The upper echelons of British society are filled with graduates from elite universities. These universities are, in turn, disproportionately full of students from wealthier backgrounds, many of whom went to private school. For these graduates, their top education and superior knowledge of the “rules of the game” regarding how institutions work gains them entry-level graduate jobs in elite professional firms.
It may seem that Britain has progressed little in the 130 years since Lord Fermor reflected in The Picture of Dorian Gray that “if a man is a gentleman, he knows quite enough, and if he is not a gentleman, whatever he knows is bad for him”. Indeed, if you’re from a working class background the odds are stacked against you if you want to make it into an elite profession. Going to university on its own does not guarantee a top professional job at the end of it.
This is a complex problem and there is considerable debate over how to improve social mobility. Our new research paper shows the importance of work experience. Specifically, year-long placements in industry as part of a degree programme can effectively help working class students secure entry to top professional firms. This is significant considering the fact that social mobility into high-quality, high-status and high-reward professions like accountancy and financial services has slowed down in recent decades.
Research shows that upper-middle-class students are more likely to take internships at university due to family social connections and greater financial resources. By looking at year-long paid internships, the so-called “sandwich placements” in some student degree programmes, we wanted to see how level the playing field really was for working class students.
We found that working class students were actually judged purely on their academic merits. In a victory for meritocracy, the sandwich placements overwhelmingly went to the brightest students from a wide range of social and economic backgrounds. There was also evidence that these kinds of placements, which are also well-paid, can facilitate the social mobility of academically driven students who aspire to work for these kinds of companies.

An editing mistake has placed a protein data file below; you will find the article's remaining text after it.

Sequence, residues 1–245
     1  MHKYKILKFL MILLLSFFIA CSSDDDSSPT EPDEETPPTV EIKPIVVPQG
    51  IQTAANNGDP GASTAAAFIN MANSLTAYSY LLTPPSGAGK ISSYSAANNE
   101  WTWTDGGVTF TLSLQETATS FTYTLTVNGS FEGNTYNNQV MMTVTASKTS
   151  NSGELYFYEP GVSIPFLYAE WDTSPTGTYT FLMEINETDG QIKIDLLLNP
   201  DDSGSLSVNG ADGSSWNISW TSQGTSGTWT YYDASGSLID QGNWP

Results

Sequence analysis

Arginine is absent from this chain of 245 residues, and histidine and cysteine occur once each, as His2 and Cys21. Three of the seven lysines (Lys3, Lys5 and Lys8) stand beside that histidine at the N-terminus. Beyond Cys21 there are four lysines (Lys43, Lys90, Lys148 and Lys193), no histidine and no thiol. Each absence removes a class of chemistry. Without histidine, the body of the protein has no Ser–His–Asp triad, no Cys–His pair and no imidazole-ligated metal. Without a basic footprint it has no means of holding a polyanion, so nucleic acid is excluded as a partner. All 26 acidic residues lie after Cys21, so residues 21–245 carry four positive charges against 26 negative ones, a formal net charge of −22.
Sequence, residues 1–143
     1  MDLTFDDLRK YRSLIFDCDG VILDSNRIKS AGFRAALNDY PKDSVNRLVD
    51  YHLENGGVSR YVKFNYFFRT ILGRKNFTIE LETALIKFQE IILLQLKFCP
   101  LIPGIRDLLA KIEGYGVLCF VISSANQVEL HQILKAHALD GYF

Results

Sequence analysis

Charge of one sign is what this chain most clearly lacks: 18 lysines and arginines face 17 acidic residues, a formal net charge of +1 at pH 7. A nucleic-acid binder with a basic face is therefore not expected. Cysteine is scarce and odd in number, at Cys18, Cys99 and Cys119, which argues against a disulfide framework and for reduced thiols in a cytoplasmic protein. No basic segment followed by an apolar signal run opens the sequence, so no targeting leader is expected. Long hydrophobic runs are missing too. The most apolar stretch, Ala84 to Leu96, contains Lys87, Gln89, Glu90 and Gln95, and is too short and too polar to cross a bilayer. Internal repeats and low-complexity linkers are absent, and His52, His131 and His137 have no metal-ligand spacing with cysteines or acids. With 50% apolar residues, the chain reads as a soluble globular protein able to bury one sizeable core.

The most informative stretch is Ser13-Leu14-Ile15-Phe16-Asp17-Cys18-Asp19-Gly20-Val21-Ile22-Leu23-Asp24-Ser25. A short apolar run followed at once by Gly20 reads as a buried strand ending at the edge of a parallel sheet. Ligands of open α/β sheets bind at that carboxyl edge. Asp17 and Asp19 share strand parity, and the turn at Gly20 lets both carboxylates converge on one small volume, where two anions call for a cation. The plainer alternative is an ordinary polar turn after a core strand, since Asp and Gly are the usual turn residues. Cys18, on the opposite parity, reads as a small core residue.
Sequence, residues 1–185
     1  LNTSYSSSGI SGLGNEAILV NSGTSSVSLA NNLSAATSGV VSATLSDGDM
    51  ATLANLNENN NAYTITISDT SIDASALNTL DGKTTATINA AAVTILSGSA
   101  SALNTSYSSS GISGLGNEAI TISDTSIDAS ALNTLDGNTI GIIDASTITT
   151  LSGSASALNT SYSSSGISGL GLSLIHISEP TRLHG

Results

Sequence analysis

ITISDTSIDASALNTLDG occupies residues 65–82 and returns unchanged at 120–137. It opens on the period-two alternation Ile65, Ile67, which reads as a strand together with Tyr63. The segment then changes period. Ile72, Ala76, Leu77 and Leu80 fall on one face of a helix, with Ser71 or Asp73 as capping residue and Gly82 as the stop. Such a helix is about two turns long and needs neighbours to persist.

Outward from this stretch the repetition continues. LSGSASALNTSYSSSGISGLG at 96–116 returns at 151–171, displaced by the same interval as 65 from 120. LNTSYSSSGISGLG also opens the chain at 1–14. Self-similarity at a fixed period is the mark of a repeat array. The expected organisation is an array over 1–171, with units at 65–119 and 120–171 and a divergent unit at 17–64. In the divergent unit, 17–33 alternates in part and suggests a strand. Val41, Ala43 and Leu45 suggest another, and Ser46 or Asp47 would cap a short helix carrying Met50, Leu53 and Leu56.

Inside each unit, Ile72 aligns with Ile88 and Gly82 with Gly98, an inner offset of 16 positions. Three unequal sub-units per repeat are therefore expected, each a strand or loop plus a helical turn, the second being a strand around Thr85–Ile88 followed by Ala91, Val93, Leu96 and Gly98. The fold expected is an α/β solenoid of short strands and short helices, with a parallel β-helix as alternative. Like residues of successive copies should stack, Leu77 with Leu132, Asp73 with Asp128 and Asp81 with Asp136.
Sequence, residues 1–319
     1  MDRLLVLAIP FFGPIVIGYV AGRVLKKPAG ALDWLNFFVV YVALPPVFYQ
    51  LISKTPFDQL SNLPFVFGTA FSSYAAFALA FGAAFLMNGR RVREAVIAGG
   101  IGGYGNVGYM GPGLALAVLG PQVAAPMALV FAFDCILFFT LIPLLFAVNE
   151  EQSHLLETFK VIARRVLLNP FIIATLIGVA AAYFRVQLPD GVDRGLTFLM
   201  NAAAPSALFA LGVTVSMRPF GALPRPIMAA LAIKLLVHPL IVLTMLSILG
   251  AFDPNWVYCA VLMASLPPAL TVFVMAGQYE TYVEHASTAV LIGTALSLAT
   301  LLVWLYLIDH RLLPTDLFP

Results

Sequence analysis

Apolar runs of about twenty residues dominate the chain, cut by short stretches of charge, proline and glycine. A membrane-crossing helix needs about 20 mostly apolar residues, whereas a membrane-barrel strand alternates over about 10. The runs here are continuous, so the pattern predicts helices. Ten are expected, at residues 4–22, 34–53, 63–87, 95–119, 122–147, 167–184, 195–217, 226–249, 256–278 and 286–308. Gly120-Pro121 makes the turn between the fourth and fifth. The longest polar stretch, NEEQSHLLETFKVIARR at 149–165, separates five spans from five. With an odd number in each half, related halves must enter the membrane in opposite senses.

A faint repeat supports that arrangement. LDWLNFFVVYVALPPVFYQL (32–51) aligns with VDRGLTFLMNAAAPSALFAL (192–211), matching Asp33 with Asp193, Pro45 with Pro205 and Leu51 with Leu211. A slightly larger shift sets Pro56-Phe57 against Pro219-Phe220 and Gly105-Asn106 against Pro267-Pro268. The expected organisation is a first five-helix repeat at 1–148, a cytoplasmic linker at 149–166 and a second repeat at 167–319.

Foot in the door
This is significant because these were sandwich placements in accountancy, a top profession which has suffered the greatest decline in social mobility over the past 30 years. Social exclusion in elite accountancy and investment banking firms is evident in the recruitment process for professionals at graduate entry level.
A 2017 study by Angus Duff, a professor at the University of the West of Scotland, revealed that unpaid work experience in accounting firms is used to maintain the status quo. Internships are often given to children of senior partners and important clients. As Duff notes, this is a recruitment process that is clearly “removed from notions of inclusivity and social equality”. This gives young people from privileged backgrounds an important foot in the door, which can often lead to jobs in the future.
The students in our study all attended the same, well-regarded university. Offering lessons for social mobility, this shows the importance of working class students applying to good universities if they wish to improve their chances to work for, and succeed in, elite professions. This is, of course, an initial important barrier to overcome.
Once at university, it’s then important for working class students to get top grades, as elite professions offered their yearlong paid placements to the best performers. This may involve a degree of self-awareness, identifying what they are best at and strategically choosing modules and courses to improve their averages or grades.
Finally, working class students must actively participate in the placement application process and improve their interview skills to succeed. It takes a long time to write professional CVs, fill in the application forms and conduct mock interviews with recruiters from elite professional firms.
Universities usually have dedicated staff to help students through the whole process but working class students must actively seek out and engage with this help as it can pay high dividends. The flip side to this is that working class students are often more shy and less likely to seek help from advisers and the university in general, compared with their upper-middle-class counterparts.
Nonetheless, our study shows that while the barriers to social mobility in elite professions have become greater in recent years, they are not insurmountable. The year-long paid placement is one way that working class young people can breach the barricades against social mobility.